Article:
And it's very hard to pull yourself out of a relational nose dive when you're in it. However, mental health really comes down to focusing on what you have control of rather than what you don't. If you're in a relational dance that isn't working, then you need to ask yourself what it is that you are doing that you can focus on changing. You are responsible for you and your behaviour and the other person is responsible for themself and their behaviour. If you are with someone who is behaving violently then you are not responsible for their actions. No one deserves to be treated violently. No matter what. Both people need to decide that the person being hurt doesn't deserve to be treated that way. The person being hurt needs to focus on their self-esteem and boundaries that include no violence. This could include having a safety plan to get away from the escalating behaviour. The person being violent needs to decide to be in control of their behaviour when their emotions escalate and to practice calming themselves when they are upset.
Negative escalations are common and are the result of co-dependency. You are co-dependent if you:
- Have an excessive and unhealthy tendency to rescue and take responsibility for other people.
- Derive a sense of purpose and boost your self-esteem through extreme self-sacrifice to satisfy the needs of others.
- Choose to enter and stay in lengthy high-cost caretaking and rescuing relationships, despite the costs to you or others.
- Regularly try to engineer the change of troubled, addicted, or under-functioning people whose problems are far bigger than your abilities to fix them.
- Seem to attract low-functioning people looking for someone to take care of them so they can avoid adult responsibility or consequences, or attract people in perpetual crisis unwilling to change their lives.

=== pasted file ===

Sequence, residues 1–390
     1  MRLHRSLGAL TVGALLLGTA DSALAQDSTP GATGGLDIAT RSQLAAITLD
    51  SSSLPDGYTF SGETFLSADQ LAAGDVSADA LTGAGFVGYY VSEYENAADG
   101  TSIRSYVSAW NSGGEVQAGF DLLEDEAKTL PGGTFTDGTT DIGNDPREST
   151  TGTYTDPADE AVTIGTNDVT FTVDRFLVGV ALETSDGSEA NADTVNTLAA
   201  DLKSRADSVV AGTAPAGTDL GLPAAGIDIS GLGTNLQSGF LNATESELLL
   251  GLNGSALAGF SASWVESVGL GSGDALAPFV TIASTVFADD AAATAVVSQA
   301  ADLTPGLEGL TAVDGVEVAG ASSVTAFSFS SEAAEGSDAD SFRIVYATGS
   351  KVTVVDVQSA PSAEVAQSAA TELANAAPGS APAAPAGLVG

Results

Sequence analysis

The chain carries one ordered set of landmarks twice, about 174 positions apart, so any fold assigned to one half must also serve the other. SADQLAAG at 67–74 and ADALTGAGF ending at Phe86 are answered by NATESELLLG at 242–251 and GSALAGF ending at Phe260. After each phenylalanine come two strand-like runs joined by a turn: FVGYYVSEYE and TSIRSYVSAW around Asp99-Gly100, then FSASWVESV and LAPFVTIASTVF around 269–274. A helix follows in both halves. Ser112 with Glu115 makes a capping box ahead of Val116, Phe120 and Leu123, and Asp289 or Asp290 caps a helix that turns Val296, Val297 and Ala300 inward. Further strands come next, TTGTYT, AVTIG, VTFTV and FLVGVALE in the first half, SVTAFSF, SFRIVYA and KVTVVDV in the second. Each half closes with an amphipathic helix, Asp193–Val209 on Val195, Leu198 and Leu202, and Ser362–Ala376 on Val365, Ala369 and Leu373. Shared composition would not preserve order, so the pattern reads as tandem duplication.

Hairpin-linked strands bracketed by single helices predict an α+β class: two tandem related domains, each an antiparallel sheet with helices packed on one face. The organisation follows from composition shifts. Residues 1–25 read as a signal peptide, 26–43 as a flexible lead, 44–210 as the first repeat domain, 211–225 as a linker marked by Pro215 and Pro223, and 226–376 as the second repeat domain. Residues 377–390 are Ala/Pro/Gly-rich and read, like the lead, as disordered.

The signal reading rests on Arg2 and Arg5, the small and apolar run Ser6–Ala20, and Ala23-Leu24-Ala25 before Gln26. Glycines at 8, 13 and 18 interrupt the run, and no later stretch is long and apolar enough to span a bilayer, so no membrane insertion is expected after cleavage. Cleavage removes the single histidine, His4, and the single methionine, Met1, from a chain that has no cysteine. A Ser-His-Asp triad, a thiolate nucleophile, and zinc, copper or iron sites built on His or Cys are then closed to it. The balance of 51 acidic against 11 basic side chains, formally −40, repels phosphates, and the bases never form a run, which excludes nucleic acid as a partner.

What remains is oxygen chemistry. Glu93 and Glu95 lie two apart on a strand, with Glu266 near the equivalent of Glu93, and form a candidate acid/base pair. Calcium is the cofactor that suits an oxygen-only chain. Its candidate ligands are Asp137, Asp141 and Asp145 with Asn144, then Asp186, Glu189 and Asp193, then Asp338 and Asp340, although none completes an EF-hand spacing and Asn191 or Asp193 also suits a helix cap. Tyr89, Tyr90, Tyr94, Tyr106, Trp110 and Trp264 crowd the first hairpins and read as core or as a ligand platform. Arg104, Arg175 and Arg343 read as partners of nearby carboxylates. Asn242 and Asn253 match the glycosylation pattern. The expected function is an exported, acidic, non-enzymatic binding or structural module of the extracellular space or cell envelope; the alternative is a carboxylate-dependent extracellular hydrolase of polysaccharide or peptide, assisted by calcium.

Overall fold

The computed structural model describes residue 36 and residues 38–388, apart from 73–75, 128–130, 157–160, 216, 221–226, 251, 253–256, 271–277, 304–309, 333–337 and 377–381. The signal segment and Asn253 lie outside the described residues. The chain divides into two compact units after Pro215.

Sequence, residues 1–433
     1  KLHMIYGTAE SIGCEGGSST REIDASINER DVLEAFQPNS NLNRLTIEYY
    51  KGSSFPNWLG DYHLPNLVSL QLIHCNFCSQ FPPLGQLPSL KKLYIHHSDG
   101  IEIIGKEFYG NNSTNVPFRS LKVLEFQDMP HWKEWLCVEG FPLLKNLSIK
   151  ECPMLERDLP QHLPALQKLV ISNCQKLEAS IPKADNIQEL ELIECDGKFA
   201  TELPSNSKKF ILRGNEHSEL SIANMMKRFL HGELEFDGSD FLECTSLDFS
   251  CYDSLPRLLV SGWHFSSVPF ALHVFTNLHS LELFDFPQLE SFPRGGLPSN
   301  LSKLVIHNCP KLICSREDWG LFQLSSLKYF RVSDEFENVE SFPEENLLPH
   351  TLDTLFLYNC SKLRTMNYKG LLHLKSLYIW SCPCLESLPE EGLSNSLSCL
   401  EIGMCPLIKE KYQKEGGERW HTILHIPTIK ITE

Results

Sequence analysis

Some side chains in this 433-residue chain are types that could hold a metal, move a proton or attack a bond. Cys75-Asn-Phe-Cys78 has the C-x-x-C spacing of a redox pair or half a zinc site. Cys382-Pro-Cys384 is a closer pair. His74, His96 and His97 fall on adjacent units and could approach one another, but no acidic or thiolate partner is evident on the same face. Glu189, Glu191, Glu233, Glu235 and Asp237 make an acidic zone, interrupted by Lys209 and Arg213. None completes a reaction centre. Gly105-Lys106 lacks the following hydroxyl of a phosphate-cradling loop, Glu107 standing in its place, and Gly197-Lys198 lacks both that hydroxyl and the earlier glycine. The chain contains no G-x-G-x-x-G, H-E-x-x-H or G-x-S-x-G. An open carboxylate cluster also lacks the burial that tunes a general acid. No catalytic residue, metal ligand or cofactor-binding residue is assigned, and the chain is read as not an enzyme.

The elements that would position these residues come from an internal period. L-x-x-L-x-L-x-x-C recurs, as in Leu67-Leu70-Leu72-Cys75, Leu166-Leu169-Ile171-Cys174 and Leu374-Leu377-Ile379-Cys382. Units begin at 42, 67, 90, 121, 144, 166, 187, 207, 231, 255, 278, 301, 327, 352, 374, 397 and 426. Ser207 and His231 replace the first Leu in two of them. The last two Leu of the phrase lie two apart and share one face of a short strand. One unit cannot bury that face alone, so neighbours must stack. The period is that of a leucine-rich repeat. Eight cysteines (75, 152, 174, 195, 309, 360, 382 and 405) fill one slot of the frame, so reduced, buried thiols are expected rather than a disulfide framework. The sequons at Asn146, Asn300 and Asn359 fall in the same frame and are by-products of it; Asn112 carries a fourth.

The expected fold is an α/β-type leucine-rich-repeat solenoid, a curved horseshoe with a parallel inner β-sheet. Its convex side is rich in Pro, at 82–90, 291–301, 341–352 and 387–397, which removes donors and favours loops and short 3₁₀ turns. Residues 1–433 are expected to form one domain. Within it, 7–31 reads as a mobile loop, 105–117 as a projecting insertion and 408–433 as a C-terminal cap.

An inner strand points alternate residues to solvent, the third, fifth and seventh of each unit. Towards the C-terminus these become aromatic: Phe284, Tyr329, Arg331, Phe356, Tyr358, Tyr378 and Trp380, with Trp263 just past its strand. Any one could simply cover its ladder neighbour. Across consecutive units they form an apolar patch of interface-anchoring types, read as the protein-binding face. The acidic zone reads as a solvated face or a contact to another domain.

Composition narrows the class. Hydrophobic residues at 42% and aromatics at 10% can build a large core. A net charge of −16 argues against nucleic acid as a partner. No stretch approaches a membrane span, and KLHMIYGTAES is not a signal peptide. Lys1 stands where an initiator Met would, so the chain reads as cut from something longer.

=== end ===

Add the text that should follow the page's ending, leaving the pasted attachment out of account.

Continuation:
- Have a pattern of engaging in well-intentioned but ultimately unproductive unhealthy helping behaviors, such as enabling.
And what many people don't know is that when someone's system is emotionally overwhelmed or reactive, they will have a tendency towards collapsing into their feelings or disconnecting from their feelings and just being in their thoughts and not making conscious choices based upon their values or how they want to ultimately treat people. Which means that both people are not in touch with their wholeness and what matters to them. And they have disconnected from themselves or from the humanity of the other person.
To communicate effectively we must learn how to calm ourselves to the point where we can think and feel and at the same time be able to talk and listen; to be aware of ourselves AND the other person and not lose touch with either.
This is a big topic. I'll say more about emotional intimacy and the skills required to maintain a good relationship next week........stay tuned!
I hope that you enjoy this rendition of 'Let it be a dance we Do'! youtu.be/_Zv6dxVOn1A